Senior Democratic officials on Capitol Hill and in the White House say that the media and Republicans are mistaken to assume that the stimulus measures were included as mere bargaining chips. In fact, the Democrats say, they’re important building blocks for President Barack Obama’s second term in office.
. . . .
The specific measures — extension of unemployment insurance benefits ($30 billion) and the payroll tax cut ($115 billion), infrastructure spending ($50 billion to $75 billion), and a series of other tax cut extenders ($27 billion) — hardly constitute a robust stimulus package, particularly considering all the spending cuts likely to surround them in any final deal. Yet top Democrats view these measures, drawn from the president’s proposed American Jobs Act, as an essential component of that deal.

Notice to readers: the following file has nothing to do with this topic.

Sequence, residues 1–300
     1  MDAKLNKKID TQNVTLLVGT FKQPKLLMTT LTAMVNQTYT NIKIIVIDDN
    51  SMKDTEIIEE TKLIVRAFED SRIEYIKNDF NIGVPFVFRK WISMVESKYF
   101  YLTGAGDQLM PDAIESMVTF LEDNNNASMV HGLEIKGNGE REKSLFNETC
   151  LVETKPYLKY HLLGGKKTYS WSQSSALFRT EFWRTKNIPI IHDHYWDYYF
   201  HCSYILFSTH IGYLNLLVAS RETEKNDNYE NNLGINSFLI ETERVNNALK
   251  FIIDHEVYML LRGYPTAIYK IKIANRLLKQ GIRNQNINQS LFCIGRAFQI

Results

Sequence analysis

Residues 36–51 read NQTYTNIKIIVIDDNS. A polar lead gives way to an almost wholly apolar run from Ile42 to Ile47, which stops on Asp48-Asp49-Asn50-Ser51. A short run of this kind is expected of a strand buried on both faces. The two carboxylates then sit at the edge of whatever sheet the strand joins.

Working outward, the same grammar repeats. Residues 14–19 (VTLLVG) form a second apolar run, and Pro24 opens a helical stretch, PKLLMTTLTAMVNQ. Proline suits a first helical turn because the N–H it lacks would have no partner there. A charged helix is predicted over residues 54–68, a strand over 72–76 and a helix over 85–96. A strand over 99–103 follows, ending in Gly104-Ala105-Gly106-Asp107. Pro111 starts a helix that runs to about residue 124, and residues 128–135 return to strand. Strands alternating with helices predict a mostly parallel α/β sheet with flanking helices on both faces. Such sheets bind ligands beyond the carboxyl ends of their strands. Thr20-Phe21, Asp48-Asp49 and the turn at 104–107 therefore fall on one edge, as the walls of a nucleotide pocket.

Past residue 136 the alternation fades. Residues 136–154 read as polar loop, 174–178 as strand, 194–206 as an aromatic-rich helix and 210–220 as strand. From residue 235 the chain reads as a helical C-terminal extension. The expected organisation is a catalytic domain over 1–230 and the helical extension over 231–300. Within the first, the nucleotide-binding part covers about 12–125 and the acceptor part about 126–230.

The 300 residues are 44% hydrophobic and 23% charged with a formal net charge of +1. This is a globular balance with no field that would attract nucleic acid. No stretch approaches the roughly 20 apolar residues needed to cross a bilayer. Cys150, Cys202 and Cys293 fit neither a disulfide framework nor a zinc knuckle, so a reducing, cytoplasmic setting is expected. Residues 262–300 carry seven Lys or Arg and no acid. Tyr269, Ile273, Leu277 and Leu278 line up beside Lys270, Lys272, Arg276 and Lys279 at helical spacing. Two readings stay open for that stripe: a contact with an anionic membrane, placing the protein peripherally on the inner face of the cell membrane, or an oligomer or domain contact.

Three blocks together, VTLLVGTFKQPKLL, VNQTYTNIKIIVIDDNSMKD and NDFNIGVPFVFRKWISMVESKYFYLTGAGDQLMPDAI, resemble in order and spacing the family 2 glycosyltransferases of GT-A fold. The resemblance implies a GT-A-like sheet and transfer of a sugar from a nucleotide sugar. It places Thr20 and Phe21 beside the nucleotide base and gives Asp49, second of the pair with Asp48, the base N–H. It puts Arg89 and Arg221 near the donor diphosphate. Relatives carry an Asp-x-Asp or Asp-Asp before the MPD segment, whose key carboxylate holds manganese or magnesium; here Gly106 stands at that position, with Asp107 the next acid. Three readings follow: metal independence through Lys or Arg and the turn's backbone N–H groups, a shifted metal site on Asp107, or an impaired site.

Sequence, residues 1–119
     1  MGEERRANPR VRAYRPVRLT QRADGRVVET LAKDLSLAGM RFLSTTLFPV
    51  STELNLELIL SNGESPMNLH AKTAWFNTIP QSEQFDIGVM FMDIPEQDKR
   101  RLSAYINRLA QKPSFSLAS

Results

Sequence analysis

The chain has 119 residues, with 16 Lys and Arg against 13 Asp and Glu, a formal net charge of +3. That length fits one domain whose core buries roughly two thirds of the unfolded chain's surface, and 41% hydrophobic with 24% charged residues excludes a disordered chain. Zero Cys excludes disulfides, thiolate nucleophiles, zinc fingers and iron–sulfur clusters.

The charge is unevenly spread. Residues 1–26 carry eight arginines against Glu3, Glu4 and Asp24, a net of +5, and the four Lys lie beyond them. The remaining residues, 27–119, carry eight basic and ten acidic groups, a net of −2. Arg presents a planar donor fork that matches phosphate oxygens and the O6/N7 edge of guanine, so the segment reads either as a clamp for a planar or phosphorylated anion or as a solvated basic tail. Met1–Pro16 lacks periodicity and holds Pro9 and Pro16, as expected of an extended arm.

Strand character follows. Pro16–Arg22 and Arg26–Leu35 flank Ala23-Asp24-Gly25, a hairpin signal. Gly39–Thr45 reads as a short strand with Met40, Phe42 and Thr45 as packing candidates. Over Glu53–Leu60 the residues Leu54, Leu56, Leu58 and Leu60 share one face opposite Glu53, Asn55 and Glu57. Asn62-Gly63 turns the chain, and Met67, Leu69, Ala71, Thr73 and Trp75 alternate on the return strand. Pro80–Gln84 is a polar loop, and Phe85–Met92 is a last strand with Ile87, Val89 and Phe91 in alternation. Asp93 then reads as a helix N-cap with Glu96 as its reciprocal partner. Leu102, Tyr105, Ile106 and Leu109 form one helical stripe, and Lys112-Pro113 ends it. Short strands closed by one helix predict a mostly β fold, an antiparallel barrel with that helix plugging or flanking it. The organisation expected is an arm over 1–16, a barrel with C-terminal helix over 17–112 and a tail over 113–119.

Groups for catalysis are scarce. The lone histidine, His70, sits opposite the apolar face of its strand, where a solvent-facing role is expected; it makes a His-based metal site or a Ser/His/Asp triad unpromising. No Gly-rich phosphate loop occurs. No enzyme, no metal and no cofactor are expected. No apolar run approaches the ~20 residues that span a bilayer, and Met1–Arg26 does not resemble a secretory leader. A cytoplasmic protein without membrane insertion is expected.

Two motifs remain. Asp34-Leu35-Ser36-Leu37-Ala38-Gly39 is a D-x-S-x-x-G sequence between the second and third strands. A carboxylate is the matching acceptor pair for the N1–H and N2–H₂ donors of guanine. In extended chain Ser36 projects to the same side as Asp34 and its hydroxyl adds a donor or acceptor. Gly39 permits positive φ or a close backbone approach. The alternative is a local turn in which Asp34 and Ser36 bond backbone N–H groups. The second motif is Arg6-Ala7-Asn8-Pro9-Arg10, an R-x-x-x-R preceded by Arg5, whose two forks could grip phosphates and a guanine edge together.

“Our approach must be ‘first, do no harm’ to the recovery,” Sen. Chuck Schumer (D-N.Y.) told The Huffington Post. “That means extending emergency unemployment benefits and, if not preserving the payroll tax cut, then replacing it with something that gives similar help to middle-class families.”
Pardon me while I go scream into a pillow.
OK, I’m back.
Look: if you want to argue for extending unemployment benefits, be my guest. Such benefits depress the job market but help out those down on their luck (as well as others). It’s a trade-off.
Just don’t pretend it’s not a trade-off, that’s all. Because it is.
P.S. The link goes to EconTalk, a podcast by Russ Roberts that I have become a fan of. The link is well worth a listen, for a serious and nonpartisan examination of how rule changes such as extending unemployment benefits are almost certainly responsible for a higher rate of unemployment.
More economic literacy, please.